CMS Issues New FAQs Clarifying EMTALA Obligations During COVID-19

Morgan Lewis - Health Law Scan
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Morgan Lewis - Health Law Scan

CMS recently issued Frequently Asked Questions (FAQs) clarifying requirements and considerations for hospitals and other providers related to the Emergency Medical Treatment and Labor Act (EMTALA) during the coronavirus (COVID-19) pandemic. The FAQs address questions concerning patient presentation to the emergency department, EMTALA applicability across facility types, qualified medical professionals, medical screening exams, patient transfer and stabilization, and telehealth issues.

A majority of the FAQs concern questions about the potential need to refer patients who present to an emergency department to an offsite COVID-19 screening site. The scenarios presented are largely permutations of issues arising with regard to COVID-19 symptoms, testing, and management of bed capacity.

Referencing that CMS has approved a Section 1135 waiver allowing hospitals to redirect patients to an offsite location for medical screening evaluations during the COVID-19 public health emergency, the FAQs make clear that the base EMTALA requirement to provide a medical screening evaluation has not been waived. CMS emphasizes that it would continue to be a violation of EMTALA should a hospital or critical access hospital erect a barrier, including signage, that may impede a patient’s ability to obtain emergency treatment.

Hospitals may encourage the public to go to off-campus sites for COVID-19 screening, rather than the hospital emergency department, as long as those sites operate in accordance with the local pandemic plan. This can include referrals to urgent care centers, which, CMS reminds, do not have EMTALA obligations. Based on the tenor of the FAQs, the questions concerning urgent care centers appear to be timely as they are expected to have the ability to test for COVID-19 in the coming weeks. The FAQs further specify that multiple hospitals with different Medicare numbers can join together to establish an offsite location to test patients, and medical screening evaluations may be conducted by telehealth as long as they meet certain requirements.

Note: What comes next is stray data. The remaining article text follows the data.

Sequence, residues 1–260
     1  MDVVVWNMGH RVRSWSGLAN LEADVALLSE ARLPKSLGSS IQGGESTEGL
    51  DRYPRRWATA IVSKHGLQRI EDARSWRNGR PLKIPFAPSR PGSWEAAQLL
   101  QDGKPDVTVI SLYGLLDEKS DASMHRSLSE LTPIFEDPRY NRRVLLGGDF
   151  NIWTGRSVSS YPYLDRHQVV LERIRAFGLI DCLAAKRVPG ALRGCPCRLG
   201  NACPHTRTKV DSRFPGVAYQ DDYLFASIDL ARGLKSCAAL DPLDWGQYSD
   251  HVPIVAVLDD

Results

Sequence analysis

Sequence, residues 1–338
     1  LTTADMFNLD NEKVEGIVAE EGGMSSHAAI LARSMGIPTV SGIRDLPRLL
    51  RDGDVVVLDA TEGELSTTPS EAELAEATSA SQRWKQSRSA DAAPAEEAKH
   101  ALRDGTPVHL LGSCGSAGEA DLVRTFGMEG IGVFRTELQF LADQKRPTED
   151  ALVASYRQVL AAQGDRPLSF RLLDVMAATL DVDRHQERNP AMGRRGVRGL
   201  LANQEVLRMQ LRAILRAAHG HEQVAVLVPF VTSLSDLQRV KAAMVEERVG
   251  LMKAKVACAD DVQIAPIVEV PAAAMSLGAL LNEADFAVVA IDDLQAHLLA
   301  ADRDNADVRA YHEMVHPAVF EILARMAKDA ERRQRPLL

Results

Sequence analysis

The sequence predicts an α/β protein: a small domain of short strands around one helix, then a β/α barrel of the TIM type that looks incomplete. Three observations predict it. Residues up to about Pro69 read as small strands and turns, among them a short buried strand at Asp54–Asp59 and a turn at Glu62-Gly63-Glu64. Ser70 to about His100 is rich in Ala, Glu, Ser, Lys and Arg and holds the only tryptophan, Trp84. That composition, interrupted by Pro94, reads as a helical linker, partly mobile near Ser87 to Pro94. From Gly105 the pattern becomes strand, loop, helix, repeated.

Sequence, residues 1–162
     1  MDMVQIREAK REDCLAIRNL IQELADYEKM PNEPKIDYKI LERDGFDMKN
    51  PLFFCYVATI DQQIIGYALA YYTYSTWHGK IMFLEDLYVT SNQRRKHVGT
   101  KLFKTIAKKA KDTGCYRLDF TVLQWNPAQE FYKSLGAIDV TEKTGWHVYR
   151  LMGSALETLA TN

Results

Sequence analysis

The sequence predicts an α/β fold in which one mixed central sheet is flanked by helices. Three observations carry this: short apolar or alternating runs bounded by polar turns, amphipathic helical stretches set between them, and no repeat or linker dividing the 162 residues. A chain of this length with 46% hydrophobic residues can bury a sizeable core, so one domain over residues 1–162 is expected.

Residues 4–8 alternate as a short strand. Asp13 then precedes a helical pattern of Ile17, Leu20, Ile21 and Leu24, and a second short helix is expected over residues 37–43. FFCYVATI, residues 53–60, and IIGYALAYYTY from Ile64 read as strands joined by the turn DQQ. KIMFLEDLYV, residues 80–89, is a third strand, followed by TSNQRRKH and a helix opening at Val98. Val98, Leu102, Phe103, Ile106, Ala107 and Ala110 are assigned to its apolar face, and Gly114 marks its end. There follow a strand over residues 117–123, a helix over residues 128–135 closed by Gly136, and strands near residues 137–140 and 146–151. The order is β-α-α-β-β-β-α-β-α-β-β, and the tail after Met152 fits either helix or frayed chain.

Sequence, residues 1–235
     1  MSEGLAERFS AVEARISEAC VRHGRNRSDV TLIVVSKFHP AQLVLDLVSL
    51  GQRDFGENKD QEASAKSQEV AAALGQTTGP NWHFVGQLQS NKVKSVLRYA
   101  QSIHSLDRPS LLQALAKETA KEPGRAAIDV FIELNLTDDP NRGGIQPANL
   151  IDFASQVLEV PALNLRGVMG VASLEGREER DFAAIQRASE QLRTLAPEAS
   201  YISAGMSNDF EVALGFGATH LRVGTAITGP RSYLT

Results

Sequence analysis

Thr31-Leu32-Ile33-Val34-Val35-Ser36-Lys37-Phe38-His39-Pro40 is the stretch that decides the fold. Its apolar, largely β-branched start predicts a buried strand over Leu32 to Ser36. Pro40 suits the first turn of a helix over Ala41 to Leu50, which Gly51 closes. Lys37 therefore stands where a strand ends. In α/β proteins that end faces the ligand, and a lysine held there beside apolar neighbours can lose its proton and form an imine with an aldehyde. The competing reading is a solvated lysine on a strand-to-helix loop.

The FAQs repeatedly make the distinction between a person coming to the hospital to obtain a COVID-19 test alone, versus an individual presenting to the hospital to request treatment for a medical condition. The evaluation of this difference when determining a hospital’s obligations as to the request for COVID-19 testing and the ability to refer to another location is a critical distinction when determining whether there is an obligation to perform a medical screening examination before transfer and properly evaluating the use of offsite locations for testing. A hospital may not ignore its obligations to provide a medical screening examination, but can redirect patients presenting to the emergency department to an off-campus site where the medical screening examination will be completed.

The FAQs also detail supervision of medical residents virtually by teaching physicians using telehealth, and new guidance concerning proper codes that emergency physicians should use if they wish to perform telehealth services from the emergency department. The FAQs further note that CMS has waived the licensure requirements that allow an out-of-state emergency physician to provide telehealth to beneficiaries in a different state, assuming the physician has valid license in another state.

The Section 1135 waivers will end no later than the termination of the COVID-19 public health emergency date, or 60 days from the date the waiver was first published. The US Department of Health and Human Services can extend the Section 1135 waiver for additional periods of up to 60 days, through the end of the public health emergency period.

DISCLAIMER: Because of the generality of this update, the information provided herein may not be applicable in all situations and should not be acted upon without specific legal advice based on particular situations.

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